How to Bring a Dying Brand Back to Life

How to Bring a Dying Brand Back to Life

dying brand
(Image: iStock by Getty Images)

Can a brand come back to life? Marketers and customers have often wondered this. Well-known and successful brands like Marvel, Apple, Lego, and Volkswagen have been on the verge of dying out before turning things around. There’s even a company that has been purchasing and reviving dead brands like Brim, Nuprin, Salon Selectives, Eagle Snacks and Underalls. So how can brands achieve such a feat?

I’ve helped companies devise the following strategies that didn’t just revive their brand, but helped them grow and find success.


Pay Attention to Warning Signs


Brands can start by being vigilant, and acknowledge any problems they encounter. This way, they have a chance to pivot quickly before it’s too late. That’s where a company like Blockbuster went wrong, and where Netflix saved the day: instead of noticing that customers preferred to have movies sent to them, the chain kept building new stores rather than changing its existing model. Netflix could have followed the same direction, but the company paid attention to trends and provided the streaming subscription service that customers wanted.

If you want to prevent your brand from dying, pay close attention to shrinking customer base and revenue. If your brand is stagnant and hasn’t evolved or adapted to the changing market, competitors will appear more enticing and innovative. Be mindful of this and you can prevent your brand from ceasing to exist in the first place.


Tap Into Nostalgia


Research has shown that nostalgia can “counteract loneliness, boredom and anxiety,” make us more tolerant and generous and create a feeling of “social connectedness.” This tactic was recently used by brands like Keds, Cinnamon Toast Crunch and Polaroid when they joined in on the Twitter hashtag, #InThe90sIThought.

By tapping into the memories of your customers, you too can create a sentiment that reminds them how much they used to love your product or service. While I recommend keeping your logo, tagline, and catchy jingle, you can make other tweaks to trigger nostalgia, like vintage packaging, throwback prices, or T-shirts with an old-school logo.


Reboot Your Brand


Sometimes, the state of your brand requires a complete overhaul, especially if it recently underwent a negative experience that tarnished it in the minds of your customers. According to Fast Company, when rebooting your brand, the new design needs to signify real change and reflect the brand’s strategy and experience. I recommend staying away from anything trendy, and instead focusing on something simple that illustrates your long-term goals for the brand.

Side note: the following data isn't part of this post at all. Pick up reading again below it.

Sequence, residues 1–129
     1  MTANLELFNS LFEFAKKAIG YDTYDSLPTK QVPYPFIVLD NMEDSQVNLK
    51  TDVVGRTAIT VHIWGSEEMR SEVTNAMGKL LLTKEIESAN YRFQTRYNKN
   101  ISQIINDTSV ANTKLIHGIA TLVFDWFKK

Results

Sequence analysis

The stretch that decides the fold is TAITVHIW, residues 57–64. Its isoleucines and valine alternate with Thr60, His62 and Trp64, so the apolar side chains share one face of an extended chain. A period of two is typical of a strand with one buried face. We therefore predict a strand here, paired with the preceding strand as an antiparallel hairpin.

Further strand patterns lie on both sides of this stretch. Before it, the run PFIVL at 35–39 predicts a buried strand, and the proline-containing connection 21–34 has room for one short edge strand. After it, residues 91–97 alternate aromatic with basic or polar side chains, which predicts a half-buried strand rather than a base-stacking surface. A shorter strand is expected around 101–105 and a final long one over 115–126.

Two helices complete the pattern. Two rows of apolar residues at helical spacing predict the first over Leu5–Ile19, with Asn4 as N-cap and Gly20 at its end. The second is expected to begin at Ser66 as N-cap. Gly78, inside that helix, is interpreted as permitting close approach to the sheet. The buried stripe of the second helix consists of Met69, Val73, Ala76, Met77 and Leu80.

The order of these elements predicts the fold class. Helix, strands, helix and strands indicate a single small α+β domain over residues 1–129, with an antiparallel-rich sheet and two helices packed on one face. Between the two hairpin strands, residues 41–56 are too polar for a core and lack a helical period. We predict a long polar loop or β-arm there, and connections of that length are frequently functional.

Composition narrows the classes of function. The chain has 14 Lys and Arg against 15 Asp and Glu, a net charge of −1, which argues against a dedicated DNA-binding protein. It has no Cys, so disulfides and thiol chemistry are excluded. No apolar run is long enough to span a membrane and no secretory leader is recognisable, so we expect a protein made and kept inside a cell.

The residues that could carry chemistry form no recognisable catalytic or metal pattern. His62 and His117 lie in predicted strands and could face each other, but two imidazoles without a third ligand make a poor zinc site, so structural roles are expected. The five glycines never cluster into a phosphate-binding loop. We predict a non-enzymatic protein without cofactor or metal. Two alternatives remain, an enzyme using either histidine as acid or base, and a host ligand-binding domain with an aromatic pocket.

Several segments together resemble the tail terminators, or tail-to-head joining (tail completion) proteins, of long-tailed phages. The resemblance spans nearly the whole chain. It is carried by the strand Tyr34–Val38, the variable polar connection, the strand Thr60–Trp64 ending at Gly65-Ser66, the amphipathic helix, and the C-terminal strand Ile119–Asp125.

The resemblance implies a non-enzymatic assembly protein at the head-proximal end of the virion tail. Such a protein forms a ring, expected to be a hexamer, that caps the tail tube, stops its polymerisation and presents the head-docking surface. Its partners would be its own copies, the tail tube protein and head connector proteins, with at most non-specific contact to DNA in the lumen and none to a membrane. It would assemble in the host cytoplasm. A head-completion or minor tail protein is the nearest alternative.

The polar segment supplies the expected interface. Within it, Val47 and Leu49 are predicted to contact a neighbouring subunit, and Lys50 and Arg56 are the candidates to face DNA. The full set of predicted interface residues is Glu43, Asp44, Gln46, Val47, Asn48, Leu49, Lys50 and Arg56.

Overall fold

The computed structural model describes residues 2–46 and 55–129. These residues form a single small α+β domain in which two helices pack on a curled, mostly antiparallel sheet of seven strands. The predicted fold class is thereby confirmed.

Bring Back Loyal Customers


While you need loyal customers to keep your business healthy, your brand’s near-death experience may have meant you lost business to the competition. That doesn’t mean, however, you can’t win them back as you breathe new life into your brand.  There are several ways to win back your dedicated fan base:

  • Gather feedback on why they left in the first place.
  • Offer customers incentives to come back by sending a push notification to their mobile device.
  • Reach out to customers as soon as possible, since it’s easier and more affordable to get in touch with them.
  • Send targeted, personalized emails to remind customers of their past experiences with your brand.
  • Create a sense of urgency by offering coupons, discounts or promotions for a limited time.

On top of listening and rewarding your previous customers, don’t forget to provide top-notch customer service as they make their way back to you. Amazing customer service is one of the best ways to make customers fall in love with your brand again.


Appeal to New Customers


While previous customers are your brand’s lifeblood, you may have to engage a new audience while your brand stages a comeback. I recommend using a strategy similar to when you first started your business. Be sure to interact with your audience both online and offline, whether it be sharing killer content on social media, blogging, attending networking events, offering sales promotions or free samples, or partnering up with other successful brands.


Use Multiple Channels


In today’s world, brands can’t afford to put all of their eggs in one marketing basket. Omnichannel marketing is a successful strategy I’ve implemented in order to reach customers and prospects on multiple devices, including mobile.

Google recommends that you begin by knowing who your customers are using information like their gender, demographic, location, website browsing habits, search habits, and where they shop.


Restore Brand Health


While everything I have suggested here is essential for bringing your brand back to life, it won’t just bounce back from there. Instead, there will be a recovery period where you’ll have to monitor it closely and continue implementing the above strategy. From there, you can give your brand more space to shine, but meanwhile watch out for those early warning signs so you don’t have to give your brand CPR again. It’s possible to bring your brand back from the dead, but it requires the use significant resources you’ll want to make sure to take full advantage of in the future.


This article originally appeared on BusinessCollective and was written by  PETER DAISYME.


Peter Daisyme is a special adviser to Due, an invoicing company helping small business owners transact money online.

BusinessCollective, launched in partnership with Citi, is a virtual mentorship program powered by North America’s most ambitious young thought leaders, entrepreneurs, executives and small business owners.